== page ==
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Music of Slovenia

The music of Slovenia is closely related to German and Austrian because of its common history and Alpine culture. In the minds of many foreigners, Slovenian folk music means a form of polka that is still popular today, especially among expatriates and their descendants in the area of Cleveland, Ohio.

Slavko Avsenik is one of the most influential and popular polka and waltz musicians in the world. Oberkrainer music, which the Avsenik Ensemble popularized, remains very popular today and is always a strong candidate for country (folk) music awards in Slovenia and Austria. Slavko and his brother, Vilko, are usually credited as the pioneers of Slovenian popular music, having solidified its style in the 1950s.

One of the most famous modern Slovenian bands is Laibach, an early 1980s industrial music group.

Ljubljana-native Bratko Bibič's former band Begnagrad was a massively influential 1970s group that are considered one of the direct influences on modern world music. Bibič's unique accordion style, often solo, with no accompaniment, has also made him a solo star.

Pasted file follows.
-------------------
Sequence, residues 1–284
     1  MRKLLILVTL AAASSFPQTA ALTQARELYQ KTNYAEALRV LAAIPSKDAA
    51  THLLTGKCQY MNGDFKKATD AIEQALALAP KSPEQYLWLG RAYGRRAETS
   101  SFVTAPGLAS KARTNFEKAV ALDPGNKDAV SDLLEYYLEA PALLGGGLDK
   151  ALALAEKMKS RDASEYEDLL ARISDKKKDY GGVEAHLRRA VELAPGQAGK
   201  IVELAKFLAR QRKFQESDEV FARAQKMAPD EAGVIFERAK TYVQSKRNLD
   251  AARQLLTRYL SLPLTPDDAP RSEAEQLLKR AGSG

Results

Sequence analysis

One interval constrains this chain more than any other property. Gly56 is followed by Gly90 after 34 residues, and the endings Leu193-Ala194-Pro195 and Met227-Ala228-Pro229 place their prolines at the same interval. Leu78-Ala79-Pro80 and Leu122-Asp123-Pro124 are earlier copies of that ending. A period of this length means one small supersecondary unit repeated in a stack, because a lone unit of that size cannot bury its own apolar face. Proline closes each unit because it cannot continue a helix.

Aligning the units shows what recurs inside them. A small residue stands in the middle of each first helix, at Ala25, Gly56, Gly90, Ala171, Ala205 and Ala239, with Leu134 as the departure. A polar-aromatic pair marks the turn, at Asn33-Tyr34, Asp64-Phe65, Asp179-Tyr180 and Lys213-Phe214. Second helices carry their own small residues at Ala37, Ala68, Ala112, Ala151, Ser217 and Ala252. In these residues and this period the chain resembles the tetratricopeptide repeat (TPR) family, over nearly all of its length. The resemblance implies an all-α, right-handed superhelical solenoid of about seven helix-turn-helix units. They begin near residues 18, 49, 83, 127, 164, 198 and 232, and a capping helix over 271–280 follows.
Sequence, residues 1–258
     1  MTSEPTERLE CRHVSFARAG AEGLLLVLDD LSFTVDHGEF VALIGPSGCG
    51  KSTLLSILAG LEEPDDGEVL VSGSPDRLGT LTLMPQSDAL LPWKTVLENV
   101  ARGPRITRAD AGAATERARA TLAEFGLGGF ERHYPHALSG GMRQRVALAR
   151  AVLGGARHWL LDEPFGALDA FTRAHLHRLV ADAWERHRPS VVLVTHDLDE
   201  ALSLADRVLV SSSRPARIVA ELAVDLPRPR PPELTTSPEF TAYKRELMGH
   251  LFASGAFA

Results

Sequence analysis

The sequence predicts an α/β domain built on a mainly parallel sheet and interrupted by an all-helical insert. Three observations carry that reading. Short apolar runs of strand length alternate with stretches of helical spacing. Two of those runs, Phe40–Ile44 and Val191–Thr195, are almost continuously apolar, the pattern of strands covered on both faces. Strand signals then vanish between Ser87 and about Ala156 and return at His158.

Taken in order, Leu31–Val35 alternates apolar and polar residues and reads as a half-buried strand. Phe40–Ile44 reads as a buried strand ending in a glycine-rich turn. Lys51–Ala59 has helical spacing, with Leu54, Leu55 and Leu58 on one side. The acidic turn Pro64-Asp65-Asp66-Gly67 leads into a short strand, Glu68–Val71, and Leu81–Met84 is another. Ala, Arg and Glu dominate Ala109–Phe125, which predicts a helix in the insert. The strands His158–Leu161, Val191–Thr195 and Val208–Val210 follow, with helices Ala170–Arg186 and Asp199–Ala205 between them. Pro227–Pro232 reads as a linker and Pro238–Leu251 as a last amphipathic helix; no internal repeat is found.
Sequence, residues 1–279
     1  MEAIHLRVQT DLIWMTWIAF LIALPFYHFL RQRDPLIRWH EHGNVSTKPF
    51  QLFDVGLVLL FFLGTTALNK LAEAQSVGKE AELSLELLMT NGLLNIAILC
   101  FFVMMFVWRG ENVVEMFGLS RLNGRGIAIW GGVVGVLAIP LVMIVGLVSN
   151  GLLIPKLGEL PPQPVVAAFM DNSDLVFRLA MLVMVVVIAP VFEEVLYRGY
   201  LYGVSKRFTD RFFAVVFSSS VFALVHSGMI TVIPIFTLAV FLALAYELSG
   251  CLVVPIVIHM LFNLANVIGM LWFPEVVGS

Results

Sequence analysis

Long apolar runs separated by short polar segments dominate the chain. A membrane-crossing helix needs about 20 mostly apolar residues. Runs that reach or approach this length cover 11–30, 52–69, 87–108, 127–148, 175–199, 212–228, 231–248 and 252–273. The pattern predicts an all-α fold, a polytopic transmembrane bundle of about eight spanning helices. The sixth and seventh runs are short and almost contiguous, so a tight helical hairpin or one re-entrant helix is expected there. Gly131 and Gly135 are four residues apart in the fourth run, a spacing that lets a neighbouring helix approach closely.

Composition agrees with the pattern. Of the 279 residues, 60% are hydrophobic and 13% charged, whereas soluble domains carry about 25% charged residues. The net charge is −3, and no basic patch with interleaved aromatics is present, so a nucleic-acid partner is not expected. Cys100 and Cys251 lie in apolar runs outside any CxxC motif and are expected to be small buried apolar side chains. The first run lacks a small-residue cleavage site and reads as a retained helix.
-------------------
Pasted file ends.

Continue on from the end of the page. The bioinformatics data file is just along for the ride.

Avant-garde classical music arose in Slovenia in the 1960s, largely due to the work of Primož Ramovš and Ivo Petrič, who also conducted the Slavko Osterc Ensemble. Jakob Jež, Darijan Božič, Lojze Lebič and Vinko Globokar have since composed enduring works, especially Globokar's L'Armonia, an opera.

Modernist composers include Uroš Rojko, Tomaž Svete, Brina Jež-Brezavšček and Aldo Kumar. Kumar's Sonata z igro 12 (A sonata with a play 12), a set of variations on a rising chromatic scale, is particularly notable.

Folk music includes velike goslarije, a type of big band music, the bowed zither and panpipes, and rural harmony singing. Folk revivalists include Katice, Trinajsto Prase, Musicante Istriani and Tolovaj Mataj.